All of these obviously help to maintain the infernal cycle of forced obsolescence and blackmail to the new that we are ALL more or less slaves to, whether we admit it or not. But this reality is in no way specific to Apple or the iPhone.
Are the iPhone 13’s subtle improvements noteworthy enough?
Okay, I’ve been playing devil’s advocate since the beginning of this article. But I still want to make sure my rants do have facts to back them up at the very least. Factually, it’s undeniable that the iPhone 13 is not innovative. It is also a fact that it is not a recycled iPhone 12. It’s an iPhone 12S, in spirit, which results in an incremental upgrade.
But are these incremental improvements enough for consumers? Are they attractive enough to make a difference and justify buying the iPhone 13 over the iPhone 12, for instance? That’s the real question.
Let’s take a quick look, without any further nitpicking, at what’s new on the iPhone 13 compared to the iPhone 12:
- Smaller notch: The notch on the front of all iPhone 13 models is 20% thinner than on previous model.
- Larger camera lenses: The camera module on each iPhone 13 retains the same number of lenses as last year’s iPhone 12s. On the iPhone 13 Pro and iPhone 13 Pro Max, the ultra-wide-angle lens has been upgraded from an f/2.4 aperture to f/1.8, to achieve better low-light quality shots. However, the main and ultra-wide angle lenses on the iPhone 13 and iPhone 13 Mini remain unchanged.
- Expanded storage: The minimum storage capacity for the iPhone 13 and iPhone 13 Mini now stands at 128GB and not 64GB. It also goes all the way up to 512GB instead of just maxing out at 256GB, while the Pro models have a new 1TB variant.
- Larger batteries: The iPhone 13’s batteries are slightly larger than the previous generation’s, without Apple specifying the actual charging capacity (as usual).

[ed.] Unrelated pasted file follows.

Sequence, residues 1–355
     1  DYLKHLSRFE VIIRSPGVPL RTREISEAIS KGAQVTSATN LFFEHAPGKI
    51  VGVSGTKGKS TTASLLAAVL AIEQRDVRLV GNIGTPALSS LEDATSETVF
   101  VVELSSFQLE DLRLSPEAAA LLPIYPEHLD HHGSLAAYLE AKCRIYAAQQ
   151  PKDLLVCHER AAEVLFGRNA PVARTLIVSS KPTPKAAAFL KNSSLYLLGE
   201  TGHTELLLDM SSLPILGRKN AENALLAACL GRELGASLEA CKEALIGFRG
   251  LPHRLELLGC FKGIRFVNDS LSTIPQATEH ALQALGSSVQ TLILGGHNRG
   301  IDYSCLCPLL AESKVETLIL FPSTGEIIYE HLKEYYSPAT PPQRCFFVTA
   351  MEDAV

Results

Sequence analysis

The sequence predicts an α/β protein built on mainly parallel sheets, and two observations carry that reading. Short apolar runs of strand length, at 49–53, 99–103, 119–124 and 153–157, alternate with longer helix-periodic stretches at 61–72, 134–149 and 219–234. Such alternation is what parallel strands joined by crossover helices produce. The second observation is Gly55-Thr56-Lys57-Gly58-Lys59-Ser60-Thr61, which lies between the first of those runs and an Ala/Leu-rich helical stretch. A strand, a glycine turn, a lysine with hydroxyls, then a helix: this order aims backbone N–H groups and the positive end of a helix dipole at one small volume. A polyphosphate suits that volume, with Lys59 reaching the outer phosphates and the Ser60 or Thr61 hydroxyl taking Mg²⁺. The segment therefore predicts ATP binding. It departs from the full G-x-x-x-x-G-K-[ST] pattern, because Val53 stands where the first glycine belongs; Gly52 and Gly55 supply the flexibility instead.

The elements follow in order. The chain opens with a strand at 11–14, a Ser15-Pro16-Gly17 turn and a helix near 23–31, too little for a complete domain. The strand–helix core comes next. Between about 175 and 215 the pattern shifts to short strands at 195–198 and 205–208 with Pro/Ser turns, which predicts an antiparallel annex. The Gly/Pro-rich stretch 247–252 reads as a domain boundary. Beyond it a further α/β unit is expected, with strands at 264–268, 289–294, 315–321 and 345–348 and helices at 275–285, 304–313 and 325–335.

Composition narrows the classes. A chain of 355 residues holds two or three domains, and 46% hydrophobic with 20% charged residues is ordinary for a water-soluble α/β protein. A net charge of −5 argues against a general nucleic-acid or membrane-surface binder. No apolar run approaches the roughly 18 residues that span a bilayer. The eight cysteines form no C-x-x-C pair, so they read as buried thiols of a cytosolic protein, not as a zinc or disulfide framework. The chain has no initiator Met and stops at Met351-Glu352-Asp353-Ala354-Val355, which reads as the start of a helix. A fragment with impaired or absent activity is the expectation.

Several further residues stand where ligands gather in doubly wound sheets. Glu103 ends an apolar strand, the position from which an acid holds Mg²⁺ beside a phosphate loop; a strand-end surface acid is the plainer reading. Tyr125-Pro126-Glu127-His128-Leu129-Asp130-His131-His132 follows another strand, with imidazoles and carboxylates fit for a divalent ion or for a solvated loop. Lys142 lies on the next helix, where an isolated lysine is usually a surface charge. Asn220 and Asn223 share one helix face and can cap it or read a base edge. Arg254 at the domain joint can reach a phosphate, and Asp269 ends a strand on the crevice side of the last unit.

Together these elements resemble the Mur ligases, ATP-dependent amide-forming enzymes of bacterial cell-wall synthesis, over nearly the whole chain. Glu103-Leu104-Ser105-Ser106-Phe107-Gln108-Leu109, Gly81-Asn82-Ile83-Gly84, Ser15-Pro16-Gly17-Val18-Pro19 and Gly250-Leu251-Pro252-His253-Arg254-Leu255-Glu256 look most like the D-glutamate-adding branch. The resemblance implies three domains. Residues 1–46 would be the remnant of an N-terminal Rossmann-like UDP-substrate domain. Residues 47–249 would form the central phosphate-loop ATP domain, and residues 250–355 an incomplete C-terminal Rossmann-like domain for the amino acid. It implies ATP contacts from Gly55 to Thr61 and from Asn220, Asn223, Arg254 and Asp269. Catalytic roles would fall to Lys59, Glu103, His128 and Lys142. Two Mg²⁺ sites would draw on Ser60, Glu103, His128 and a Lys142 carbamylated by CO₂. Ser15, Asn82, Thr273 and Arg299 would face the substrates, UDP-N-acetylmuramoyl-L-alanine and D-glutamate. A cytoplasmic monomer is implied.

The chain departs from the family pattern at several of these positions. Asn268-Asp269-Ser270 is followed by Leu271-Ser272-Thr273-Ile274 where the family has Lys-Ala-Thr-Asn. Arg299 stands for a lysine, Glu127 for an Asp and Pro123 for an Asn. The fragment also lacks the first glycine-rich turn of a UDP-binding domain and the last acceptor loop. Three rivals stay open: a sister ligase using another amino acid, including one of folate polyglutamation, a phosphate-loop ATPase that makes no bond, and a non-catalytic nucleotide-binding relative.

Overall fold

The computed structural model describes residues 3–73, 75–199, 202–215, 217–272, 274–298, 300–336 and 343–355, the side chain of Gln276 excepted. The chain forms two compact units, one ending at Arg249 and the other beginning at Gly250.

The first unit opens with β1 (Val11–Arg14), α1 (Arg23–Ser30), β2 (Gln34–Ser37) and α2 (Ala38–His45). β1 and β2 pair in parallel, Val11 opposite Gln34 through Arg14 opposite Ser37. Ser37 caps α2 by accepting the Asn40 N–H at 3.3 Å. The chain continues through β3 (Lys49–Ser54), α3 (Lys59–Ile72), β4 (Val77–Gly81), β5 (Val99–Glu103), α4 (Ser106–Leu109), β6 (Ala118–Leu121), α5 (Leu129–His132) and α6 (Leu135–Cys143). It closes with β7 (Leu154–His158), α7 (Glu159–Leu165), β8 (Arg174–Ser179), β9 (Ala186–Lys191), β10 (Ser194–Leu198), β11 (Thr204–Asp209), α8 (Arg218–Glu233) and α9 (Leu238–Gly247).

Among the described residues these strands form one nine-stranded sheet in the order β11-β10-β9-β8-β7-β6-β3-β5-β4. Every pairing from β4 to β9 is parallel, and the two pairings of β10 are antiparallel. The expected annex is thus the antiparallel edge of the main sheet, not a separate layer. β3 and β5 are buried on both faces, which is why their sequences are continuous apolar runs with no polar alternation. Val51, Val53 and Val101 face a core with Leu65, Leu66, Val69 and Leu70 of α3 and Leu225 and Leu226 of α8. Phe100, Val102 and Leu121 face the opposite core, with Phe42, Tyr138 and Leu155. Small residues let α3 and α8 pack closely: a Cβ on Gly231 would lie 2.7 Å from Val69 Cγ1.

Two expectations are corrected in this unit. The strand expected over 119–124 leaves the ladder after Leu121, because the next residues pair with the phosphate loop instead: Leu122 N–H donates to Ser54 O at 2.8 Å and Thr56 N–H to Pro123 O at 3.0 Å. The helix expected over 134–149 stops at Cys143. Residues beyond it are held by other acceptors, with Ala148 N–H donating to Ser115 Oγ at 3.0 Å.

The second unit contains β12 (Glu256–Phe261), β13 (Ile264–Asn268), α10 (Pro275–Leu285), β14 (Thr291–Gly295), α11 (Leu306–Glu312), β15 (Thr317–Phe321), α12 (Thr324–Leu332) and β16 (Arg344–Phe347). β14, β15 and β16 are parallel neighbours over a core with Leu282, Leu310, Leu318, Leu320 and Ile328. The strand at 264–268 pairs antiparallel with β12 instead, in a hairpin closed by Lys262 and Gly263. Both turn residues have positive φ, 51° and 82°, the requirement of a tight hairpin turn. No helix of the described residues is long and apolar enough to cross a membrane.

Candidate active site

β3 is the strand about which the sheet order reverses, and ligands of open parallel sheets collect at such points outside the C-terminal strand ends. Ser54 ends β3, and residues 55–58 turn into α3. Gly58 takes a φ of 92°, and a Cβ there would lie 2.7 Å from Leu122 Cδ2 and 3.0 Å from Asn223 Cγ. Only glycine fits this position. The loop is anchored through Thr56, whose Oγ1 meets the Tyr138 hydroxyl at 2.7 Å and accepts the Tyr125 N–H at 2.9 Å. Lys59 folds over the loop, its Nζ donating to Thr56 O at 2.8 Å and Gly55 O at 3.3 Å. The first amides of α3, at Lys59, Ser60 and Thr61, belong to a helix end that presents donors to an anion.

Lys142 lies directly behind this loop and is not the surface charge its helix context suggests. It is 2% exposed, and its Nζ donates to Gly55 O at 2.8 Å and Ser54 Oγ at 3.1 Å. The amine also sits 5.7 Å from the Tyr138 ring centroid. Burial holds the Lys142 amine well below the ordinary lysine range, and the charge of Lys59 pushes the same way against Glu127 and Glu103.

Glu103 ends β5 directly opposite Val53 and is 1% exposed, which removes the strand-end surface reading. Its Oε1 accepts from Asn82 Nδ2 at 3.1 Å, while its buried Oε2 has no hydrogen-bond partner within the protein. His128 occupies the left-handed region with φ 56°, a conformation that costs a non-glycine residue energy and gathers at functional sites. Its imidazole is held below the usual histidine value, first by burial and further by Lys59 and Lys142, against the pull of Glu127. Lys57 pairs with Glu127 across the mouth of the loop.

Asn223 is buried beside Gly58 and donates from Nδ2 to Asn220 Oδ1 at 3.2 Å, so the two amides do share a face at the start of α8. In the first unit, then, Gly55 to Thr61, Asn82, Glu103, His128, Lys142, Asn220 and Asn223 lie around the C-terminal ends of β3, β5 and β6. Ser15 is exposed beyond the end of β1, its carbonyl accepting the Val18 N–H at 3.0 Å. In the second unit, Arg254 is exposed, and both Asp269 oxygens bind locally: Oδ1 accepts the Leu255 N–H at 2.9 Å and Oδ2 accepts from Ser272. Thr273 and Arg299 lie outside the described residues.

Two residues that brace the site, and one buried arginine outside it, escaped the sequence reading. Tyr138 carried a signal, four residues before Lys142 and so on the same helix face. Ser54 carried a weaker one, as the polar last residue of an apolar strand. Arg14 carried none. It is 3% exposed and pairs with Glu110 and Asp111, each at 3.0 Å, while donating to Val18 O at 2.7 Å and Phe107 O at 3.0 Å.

- ProMotion: The iPhone 13 Pro and iPhone 13 Pro Max feature ProMotion displays that allow for variable refresh rates up to 120 Hz. The base iPhone 13 and the Mini model remain stuck at 60 Hz.
There are also a few subtleties that Apple didn’t mention but have been spelled out on its official website. For example, the ProRes codec for shooting in 4K30, will be limited to just 1080p at 30fps on the 12 GB iPhone 13 Pro. Only the larger capacity Pro models will be able to achieve real 4K/30 shots. This limitation is most certainly related to the writing and reading speeds of the 128 GB flash memory but also, and surely, a way for Apple to differentiate its Pro catalog by limiting the capability of its cheapest model.
So, is the iPhone really disappointing and irrelevant? If you were expecting a foldable-like revolution in 2018, then yes, it makes sense that you’d be disappointed. But to call it a rip-off is total nonsense in my opinion.
Incremental as they are, the iPhones 13 bring concrete improvements to the already proven recipe of the iPhone 12. Personally, if I had bought one of the iPhone 12 models last year, the iPhone 13 would make me regret it this year with the addition of a 120Hz refresh rate.
It’s counterintuitive because you have to resist the hype, but I still find Apple’s “S years” more interesting than the “numbered years.” Sure, the announcements are less spectacular, but the products are more complete and refined.
If you have an older iPhone (pre-iPhone 11) and you want to renew your smartphone love story from Apple, I think the iPhone 13 is clearly relevant on paper, provided you opt for a Pro/Max model. If it’s a basic or Mini model you’re aiming for, the iPhone 12s make more sense. If you bought one of the iPhone 12 handsets last year, I don’t think the iPhone 13 is worth checking out.
Well, I’ll leave you to it. This pro- and anti-Apple stuff isn’t really for me. I’ve got a Samsung Galaxy Z Fold 3 to review and that’s good enough for me.